The Next Paradigm
Tatler Philippines|October 2020
The Next Paradigm
In a forum, five Filipino fashion designers talk about their industry greatly affected by the pandemic By Maritess Garcia Reyes. Moderated
Anton San Diego

The Covid-19 pandemic has turned the world upside down, shaking almost all industries to their core and forcing many businesses to downsize or worst, fold up. The global fashion industry is no exception and the Philippine fashion scene is feeling the impact, too. More than seven months after the entire Luzon has been placed on the enhanced community quarantine (ECQ), Tatler catches up with Manila-based designers Patty Ang, Mark Bumgarner, Rajo Laurel, Dennis Lustico and Vania Romoff to see how they are keeping their businesses afloat and the industry alive. Enjoy this interesting exchange moderated by Tatler Philippines editor-in-chief Anton San Diego.

ANTON SAN DIEGO How has the Covid-19 pandemic affected the fashion industry?

PATTY ANG I would say quite bad. But then again, it is a matter of how you cope and pivot with the situation. You must listen to what people want and what people need now.

VANIA ROMOFF The fashion industry is one of those really affected by the pandemic. Fashion, for most or in general, is not considered an “essential” these days, especially occasion wear, which I make. As what Patty said, it’s all about trying to pivot, which is why most of us are doing outerwear, masks and other things people can relate to but still associated with our craft. None of us can tell how long this is going to last. So, for me it is about survival and being able to support my employees and keep the business afloat.

DENNIS LUSTICO It was shocking especially in the first two months. It was only after two months and a half when my staff and I slowly got back on our feet, but still doing a very small percentage of what we did before.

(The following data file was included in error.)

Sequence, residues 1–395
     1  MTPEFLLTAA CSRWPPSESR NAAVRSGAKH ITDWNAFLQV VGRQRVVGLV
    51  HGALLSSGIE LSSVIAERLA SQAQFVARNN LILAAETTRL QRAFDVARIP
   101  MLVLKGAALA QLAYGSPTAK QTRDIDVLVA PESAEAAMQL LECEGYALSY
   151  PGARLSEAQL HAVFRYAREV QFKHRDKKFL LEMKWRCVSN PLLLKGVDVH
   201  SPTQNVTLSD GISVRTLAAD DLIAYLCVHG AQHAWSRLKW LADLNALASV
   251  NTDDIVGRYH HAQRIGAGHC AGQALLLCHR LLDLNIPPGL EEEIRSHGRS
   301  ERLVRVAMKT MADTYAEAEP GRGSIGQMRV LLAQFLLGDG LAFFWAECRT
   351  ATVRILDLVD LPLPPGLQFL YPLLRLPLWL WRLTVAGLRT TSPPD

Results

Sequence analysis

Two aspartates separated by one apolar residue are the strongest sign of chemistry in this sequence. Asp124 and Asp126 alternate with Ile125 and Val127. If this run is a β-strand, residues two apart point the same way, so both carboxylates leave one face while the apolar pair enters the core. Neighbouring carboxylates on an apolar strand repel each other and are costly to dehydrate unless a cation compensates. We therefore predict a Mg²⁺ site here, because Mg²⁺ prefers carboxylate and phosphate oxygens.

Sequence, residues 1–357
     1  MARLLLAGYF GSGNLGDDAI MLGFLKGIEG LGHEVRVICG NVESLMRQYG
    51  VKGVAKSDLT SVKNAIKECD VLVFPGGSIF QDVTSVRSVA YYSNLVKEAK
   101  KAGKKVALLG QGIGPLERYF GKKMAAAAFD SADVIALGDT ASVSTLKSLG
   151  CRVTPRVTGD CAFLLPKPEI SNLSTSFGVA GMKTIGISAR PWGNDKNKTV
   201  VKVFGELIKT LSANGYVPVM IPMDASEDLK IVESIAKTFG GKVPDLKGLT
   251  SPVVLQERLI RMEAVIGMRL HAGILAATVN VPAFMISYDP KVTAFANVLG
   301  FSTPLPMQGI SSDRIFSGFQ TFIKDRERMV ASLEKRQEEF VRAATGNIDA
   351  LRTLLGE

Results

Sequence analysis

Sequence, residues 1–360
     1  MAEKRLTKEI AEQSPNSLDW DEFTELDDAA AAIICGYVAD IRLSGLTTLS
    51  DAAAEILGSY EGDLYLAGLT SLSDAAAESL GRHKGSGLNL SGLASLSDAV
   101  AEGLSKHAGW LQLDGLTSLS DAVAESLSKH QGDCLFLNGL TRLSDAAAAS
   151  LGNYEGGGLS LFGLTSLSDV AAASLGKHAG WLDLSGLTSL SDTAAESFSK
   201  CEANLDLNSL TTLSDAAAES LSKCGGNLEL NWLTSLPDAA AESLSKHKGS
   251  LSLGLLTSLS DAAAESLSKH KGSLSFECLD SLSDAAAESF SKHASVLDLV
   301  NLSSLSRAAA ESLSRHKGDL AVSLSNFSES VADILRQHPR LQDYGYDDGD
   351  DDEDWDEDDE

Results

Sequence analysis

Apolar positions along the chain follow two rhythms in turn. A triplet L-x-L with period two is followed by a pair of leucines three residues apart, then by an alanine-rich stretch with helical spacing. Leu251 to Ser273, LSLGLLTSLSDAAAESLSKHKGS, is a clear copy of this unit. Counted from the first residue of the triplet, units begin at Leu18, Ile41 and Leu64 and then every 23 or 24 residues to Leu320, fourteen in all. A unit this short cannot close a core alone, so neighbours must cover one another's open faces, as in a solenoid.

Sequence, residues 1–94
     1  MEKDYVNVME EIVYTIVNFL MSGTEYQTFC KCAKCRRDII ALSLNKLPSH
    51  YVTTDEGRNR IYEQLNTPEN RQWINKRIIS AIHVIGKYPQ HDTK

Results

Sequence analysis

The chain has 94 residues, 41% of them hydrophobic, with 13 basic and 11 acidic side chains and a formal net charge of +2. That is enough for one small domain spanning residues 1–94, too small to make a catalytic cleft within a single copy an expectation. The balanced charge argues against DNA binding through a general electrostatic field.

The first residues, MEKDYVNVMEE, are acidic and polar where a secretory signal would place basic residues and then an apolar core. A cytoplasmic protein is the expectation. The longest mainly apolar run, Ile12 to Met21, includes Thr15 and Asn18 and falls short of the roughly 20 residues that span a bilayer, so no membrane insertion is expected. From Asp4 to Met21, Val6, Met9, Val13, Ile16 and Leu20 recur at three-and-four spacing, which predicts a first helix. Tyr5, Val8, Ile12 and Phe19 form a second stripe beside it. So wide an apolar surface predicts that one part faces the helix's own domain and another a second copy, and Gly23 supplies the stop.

MARK BUMGARNER It is all about figuring out how to adapt to what the market needs as fast as you can. The Armor Project (a way to support the fashion industry while showing resilience and adapting to the New Normal), which I launched in May seems like a good direction at that moment. I am just taking it day by day. The goal is to keep all my staff as much as possible.

RAJO LAUREL Often I feel like we are in a roller coaster ride—some days are good; some, not so. Basically, we’re trying to get our bearings and figuring out what to do next. It’s not easy. I miss the time-pounding work, my clients, the buzz and hum of my workforce. We’re still busy because we are doing protective outerwear, uniforms and masks, but it’s not the same. We must push and do our best given the situation. This is our war, and like in past wars, creativity rises. As creatives we must find that voice to rise above this darkness and create the most beautiful things.

ASD So, have you stopped doing your kind of fashion for now?

MB Of course not. Most of my clients are international so there are some countries that still need ballgowns. There are many, even locally, who are hopeful that they will get married or have a civil wedding in the next few months. We won’t survive on just making PPEs.


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October 2020